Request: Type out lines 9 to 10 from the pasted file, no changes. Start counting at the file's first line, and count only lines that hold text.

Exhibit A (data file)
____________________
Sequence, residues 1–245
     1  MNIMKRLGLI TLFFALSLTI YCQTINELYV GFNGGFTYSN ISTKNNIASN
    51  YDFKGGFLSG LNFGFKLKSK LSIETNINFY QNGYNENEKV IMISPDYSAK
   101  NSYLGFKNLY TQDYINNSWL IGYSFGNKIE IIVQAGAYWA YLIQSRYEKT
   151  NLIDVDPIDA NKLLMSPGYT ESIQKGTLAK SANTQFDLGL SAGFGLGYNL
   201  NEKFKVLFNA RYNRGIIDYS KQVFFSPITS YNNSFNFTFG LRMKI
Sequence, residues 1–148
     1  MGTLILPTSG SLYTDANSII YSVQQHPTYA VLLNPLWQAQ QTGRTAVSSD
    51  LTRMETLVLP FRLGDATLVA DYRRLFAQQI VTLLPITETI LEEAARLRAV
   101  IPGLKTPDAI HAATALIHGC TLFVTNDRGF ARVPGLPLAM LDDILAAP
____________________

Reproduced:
    51  LTRMETLVLP FRLGDATLVA DYRRLFAQQI VTLLPITETI LEEAARLRAV
   101  IPGLKTPDAI HAATALIHGC TLFVTNDRGF ARVPGLPLAM LDDILAAP